This Thing of Darkness
by Thompson, Harry
pub. by Headline Book Pub., London - 2005     isbn 0-7553-0281-8
- 750p. - maps, extensive bibliography of non-fiction sources - historical fiction
A fictionalized biography of Robert Fitzroy, who commanded the Beagle and to a lesser extent of Charles Darwin. While this is a work of fiction it is very well researched. This book begins with the suicide of Captain Stokes, who was given the task of surveying in the Straits of Magellan. Fitzroy was given command of the Beagle and succeeded him in subsequent survey work. Fitzroy captures a 4 of the natives of Tierra del Fuego and brings them to England to introduce them to civilization and re-introduce them to Tierra del Fuego on a later survey trip to help pacify and civilize the natives. Jemmy Button, a historical character who actually was this person has his story told as a subtext in this book. There is a return to England, fitting out for the next survey work, and Charles Darwin joins the crew as Naturalist. Fitzroy and Darwin form an early friendship and commence with the business of surveying the Falkland Islands, the Straits of Magellan etc. Darwin explores ashore in Argentina and later Chile. The description of Argentina under General Rosas is chilling. Darwin also discovers large dinosaur skeletons and has them shipped back to England on a returning ship. As time progresses and Darwin does a natural history survey of Chile and the Andes he begins to believe that Genesis in the Bible is not to be taken literally. Here he begins to separate his way of thinking from Fitzroy, and their friendship is strained. By the end of the voyage, and after the friendship breaks down totally. The Beagle does its historic visit to the Galapagos in September 1835, sails on to New Zealand and back to England arriving in October 1836. The story does not end there.... It continues to the end of Fitzroys life detailing his frustrations with the end of his career sailing for the navy. It took him a very long time (years) to finish the charts of areas surveyed. In 1841 Fitzroy stood for election to parliament representing Durham and won the position. The description of the actual election with Conservative, Liberal and Radical candidates is quite revealing of the times. The election was wide-open, noisy and barely controlled. He became governor of New Zealand in 1844-45. His governorship failed because the resources he had at hand were not great enough to do the job, and the goals of the New Zealand Comany were at odds with the reality of the colony. He returned to England. In 1860 his work with the study of weather, creation of synoptic charts and weather prediction on the basis of telegraphed weather observations from wherever telegraph lines went (in Europe mostly). He was a correspondent and friend of Captain Matthew F. Maury of the US Navy Weather Forecasting Department. Government penny pinching and depression drove him to suicide in 1865. Fitzroys relationship to Darwin deteriorated more after the voyage of the Beagle and the publication of Darwins report being at some odds with Fitzroys. They became bitter enemies. This is an a great read, albeit a long one. In the postscript the author notes where he fictionalized the story to make it flow better, leaving one to believe that the historical facts covered in the rest of the story are correct.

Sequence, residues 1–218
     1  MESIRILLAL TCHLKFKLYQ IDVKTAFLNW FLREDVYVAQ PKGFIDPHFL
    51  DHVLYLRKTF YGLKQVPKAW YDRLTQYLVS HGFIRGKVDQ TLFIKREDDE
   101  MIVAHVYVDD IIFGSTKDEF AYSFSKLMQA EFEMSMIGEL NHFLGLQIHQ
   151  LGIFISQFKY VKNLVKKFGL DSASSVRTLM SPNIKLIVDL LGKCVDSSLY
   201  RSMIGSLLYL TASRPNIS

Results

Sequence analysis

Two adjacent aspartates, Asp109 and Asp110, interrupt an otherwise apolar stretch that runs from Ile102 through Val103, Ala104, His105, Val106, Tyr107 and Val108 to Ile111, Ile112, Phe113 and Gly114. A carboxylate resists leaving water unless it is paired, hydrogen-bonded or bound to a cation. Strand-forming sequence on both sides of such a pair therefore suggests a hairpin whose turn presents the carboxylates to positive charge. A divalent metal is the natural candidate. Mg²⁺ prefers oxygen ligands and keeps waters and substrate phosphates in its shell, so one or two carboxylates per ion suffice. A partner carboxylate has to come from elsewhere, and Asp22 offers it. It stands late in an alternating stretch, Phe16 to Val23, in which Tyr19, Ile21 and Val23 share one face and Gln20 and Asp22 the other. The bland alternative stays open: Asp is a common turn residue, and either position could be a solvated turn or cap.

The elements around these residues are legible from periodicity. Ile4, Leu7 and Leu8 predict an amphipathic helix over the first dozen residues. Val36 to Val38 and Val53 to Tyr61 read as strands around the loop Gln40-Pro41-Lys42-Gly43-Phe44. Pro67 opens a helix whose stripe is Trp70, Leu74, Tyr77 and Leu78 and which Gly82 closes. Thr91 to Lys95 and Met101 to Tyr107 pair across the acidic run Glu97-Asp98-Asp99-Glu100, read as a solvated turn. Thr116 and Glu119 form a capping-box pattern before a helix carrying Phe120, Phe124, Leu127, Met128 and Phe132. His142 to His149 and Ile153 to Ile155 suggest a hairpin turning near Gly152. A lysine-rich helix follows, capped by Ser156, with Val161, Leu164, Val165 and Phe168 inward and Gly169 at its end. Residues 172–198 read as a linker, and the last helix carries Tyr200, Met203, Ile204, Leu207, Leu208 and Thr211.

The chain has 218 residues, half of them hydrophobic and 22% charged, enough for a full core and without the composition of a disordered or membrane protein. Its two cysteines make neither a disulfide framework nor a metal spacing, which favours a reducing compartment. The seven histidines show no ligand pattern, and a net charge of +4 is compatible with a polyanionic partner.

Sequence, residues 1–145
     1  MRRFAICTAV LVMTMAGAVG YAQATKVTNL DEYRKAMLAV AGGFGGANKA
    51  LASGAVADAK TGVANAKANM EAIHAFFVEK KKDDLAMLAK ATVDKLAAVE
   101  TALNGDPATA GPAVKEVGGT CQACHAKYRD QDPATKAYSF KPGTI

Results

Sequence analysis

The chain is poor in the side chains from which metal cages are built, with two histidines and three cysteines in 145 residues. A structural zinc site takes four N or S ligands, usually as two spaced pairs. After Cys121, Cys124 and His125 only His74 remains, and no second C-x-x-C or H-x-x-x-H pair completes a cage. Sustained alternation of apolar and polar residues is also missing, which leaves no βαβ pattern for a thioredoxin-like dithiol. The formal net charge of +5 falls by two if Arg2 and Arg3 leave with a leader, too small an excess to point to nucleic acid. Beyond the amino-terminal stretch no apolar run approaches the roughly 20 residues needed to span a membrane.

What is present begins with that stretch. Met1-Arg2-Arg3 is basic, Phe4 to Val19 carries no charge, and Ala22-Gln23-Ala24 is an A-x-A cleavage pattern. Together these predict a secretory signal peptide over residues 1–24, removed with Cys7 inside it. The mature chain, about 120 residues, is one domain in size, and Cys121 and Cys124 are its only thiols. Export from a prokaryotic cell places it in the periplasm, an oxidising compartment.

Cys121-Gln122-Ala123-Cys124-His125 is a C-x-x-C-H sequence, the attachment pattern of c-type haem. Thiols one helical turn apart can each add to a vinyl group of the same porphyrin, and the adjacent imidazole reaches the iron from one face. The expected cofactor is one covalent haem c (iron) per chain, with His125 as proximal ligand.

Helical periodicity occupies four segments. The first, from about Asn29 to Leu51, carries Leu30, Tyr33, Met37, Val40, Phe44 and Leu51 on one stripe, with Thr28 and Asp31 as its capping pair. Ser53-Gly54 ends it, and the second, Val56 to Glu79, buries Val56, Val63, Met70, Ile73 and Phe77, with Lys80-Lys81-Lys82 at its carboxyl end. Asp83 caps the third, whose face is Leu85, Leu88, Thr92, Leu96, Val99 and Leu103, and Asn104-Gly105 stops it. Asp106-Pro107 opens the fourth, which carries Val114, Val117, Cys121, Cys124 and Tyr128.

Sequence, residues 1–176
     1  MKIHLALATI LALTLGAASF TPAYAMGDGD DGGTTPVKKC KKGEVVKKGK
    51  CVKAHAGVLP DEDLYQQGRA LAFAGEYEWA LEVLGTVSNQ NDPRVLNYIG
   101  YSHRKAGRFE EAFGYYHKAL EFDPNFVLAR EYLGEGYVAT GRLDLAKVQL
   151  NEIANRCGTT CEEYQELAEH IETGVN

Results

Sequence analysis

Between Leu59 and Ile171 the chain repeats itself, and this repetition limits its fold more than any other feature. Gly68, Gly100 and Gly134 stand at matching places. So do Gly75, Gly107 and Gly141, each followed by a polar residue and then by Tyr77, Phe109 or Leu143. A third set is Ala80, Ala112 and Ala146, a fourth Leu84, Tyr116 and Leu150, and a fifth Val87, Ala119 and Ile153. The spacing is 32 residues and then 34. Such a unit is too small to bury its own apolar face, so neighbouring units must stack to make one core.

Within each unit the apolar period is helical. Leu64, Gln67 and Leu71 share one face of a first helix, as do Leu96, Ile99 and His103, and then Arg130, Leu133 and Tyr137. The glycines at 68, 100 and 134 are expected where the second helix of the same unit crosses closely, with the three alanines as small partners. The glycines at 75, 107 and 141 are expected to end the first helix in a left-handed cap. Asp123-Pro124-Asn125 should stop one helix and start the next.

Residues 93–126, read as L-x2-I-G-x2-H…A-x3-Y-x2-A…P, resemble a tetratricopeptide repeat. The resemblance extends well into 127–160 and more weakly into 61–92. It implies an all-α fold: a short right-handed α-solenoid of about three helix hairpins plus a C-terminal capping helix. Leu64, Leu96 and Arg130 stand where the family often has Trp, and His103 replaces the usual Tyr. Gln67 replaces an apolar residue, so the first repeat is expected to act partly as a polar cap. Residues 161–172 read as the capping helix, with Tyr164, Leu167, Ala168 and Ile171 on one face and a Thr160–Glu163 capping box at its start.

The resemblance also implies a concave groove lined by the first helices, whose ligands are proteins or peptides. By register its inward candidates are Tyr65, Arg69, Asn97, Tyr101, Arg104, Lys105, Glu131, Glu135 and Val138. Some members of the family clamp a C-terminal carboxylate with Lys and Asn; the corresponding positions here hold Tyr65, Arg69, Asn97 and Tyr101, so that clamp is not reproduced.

~ 2009 ~

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